Posted: Fri 23rd Oct 2020

Anglesey Council committee backs introduction of £35 garden waste charge

North Wales news and information
This article is old - Published: Friday, Oct 23rd, 2020

A council scrutiny committee has paved the way for the introduction of an annual £35 charge to collect garden waste on Anglesey.

The island is the only north Wales council not currently charging for the fortnightly collections of garden waste, but now looks set to introduce the annual levy after securing the support of backbench councillors on Thursday.

Set to be introduced in April 2021, the move is expected to generate between £350,000 and £490,000 a year depending on expected take-up of between 30-40% of households.

The £35 a year annual charge would entitle households to 26 collections of a 240 litre green wheelie bin for grass and other garden cuttings, with options to pay online or over the phone.

Approved by the Partnership and Regeneration Scrutiny Committee on Thursday, the item will now be presented to Monday’s meeting of the council Executive to be rubber-stamped.

Addressing councillors, the portfolio holder for waste management stressed that residents would remain entitled to take their garden waste to the recycling centres at Penhesgyn or Gwalchmai if they did not wish to pay the annual collection charge.

Cllr Bob Parry added that the new charge was part of the new  £40m waste collection contract with Biffa, with the eight year deal coming into effect next April.

Biffa’s workforce have been collecting the Island’s waste and recycling since 2007, but the renewed deal will cost the authority an extra £800,000 a year as well as having to purchase a new fleet of vehicles and equipment which will also cost an additional £500,000 per annum.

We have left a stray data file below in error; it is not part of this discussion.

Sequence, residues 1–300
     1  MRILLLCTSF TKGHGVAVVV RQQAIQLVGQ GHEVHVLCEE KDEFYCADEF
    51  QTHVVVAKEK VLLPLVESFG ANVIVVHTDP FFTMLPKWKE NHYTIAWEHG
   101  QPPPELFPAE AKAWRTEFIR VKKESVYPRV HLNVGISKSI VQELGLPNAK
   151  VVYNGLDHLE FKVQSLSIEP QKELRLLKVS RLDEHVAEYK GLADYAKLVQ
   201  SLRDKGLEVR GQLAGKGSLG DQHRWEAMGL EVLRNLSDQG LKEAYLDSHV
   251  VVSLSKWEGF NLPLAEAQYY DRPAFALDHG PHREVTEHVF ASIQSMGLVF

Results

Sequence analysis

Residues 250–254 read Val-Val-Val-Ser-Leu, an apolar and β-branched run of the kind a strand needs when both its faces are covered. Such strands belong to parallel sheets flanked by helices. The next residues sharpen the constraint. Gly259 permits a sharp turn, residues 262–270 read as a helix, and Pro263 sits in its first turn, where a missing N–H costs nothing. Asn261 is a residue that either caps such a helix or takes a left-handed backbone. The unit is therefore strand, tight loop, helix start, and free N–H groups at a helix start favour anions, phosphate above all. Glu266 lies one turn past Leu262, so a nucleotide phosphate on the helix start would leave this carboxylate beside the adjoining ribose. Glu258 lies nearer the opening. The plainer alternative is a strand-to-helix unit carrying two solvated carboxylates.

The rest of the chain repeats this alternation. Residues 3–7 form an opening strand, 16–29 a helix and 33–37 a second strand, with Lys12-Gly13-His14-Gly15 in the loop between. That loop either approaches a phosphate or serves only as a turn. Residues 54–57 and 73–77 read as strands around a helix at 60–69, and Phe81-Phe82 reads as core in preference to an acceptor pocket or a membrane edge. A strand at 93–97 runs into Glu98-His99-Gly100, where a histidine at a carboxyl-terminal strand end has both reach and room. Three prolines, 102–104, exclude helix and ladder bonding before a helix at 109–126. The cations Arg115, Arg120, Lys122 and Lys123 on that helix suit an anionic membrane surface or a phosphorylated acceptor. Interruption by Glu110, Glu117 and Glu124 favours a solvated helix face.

It’s expected that the new service will create two jobs within the authority to set-up and maintain the payments system, but officers stressed that the charge would only pay towards and not cover the overall costs of the service.

Members were told that there had been no evidence elsewhere – with all other north Wales authorities already charging between £25 and £35 for the service – that it had led to a direct increase in fly-tipping or people dumping garden waste into their black bins since its introduction.

Finance officers confirmed that the sum would have to paid in one instalment as it would be problematic in spreading payments for such a low amount, but that the address of eligible households would be printed on each individual sticker and affixed to every green bin to counter any potential theft of bins and/or stickers.

But despite assurances that there was no market for garden waste to generate any income for the authority, Cllr Ken Hughes suggested that residents of the island “would not care” what charges other authorities were implementing.

While Cllr Hughes and Cllr Bob Llewellyn Jonesof the Annibynnwyr Môn group voted against the £35 charge, the proposal was passed by seven votes to two after securing the support of Labour and the ruling Plaid/Independent administration.

It’s expected that the council Executive will formally approve the proposal when it meets virtually on Monday, October 26.

By Gareth Williams – Local Democracy Reporter

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